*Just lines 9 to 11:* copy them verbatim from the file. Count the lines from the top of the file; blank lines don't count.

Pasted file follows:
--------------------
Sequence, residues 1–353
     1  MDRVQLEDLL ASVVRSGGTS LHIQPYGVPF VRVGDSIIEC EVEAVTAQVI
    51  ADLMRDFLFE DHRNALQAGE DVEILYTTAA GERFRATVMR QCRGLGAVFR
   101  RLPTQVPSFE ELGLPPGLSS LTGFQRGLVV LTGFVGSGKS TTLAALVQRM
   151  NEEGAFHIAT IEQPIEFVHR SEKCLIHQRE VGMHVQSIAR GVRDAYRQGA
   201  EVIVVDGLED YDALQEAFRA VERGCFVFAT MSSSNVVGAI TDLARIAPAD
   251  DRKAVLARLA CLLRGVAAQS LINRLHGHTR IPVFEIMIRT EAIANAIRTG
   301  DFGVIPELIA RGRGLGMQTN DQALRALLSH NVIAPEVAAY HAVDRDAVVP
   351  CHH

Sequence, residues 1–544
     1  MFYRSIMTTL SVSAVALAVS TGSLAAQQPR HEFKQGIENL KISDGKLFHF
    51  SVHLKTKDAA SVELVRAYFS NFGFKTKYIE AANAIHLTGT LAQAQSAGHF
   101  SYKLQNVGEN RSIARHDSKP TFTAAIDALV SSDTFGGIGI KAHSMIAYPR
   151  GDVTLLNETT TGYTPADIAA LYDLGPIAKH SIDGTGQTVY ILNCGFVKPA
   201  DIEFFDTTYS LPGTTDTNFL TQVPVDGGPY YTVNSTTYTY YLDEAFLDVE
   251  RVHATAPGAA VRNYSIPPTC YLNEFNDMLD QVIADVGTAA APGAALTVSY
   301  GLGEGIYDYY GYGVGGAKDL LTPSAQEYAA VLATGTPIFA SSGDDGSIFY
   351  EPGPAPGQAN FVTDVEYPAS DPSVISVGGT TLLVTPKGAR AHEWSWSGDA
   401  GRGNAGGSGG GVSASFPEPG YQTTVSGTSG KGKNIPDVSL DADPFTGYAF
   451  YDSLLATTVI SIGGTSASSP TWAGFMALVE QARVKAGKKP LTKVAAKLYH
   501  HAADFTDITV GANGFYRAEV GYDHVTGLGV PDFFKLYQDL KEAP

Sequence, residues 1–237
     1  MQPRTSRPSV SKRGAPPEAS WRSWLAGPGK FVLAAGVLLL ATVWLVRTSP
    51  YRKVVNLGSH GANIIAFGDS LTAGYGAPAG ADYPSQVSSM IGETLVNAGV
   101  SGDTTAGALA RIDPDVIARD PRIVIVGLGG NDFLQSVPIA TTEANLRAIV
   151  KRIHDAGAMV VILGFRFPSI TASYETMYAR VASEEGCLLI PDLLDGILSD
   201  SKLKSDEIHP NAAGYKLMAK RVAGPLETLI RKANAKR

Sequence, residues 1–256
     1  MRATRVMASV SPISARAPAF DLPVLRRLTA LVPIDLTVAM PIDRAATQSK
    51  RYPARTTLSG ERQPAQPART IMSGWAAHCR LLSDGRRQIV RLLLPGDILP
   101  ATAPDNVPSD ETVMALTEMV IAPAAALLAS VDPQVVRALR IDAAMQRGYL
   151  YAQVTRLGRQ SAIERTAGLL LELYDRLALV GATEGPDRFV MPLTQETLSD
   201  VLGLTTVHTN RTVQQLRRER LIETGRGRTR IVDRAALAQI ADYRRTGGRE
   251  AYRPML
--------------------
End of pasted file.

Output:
   351  CHH

Sequence, residues 1–544
     1  MFYRSIMTTL SVSAVALAVS TGSLAAQQPR HEFKQGIENL KISDGKLFHF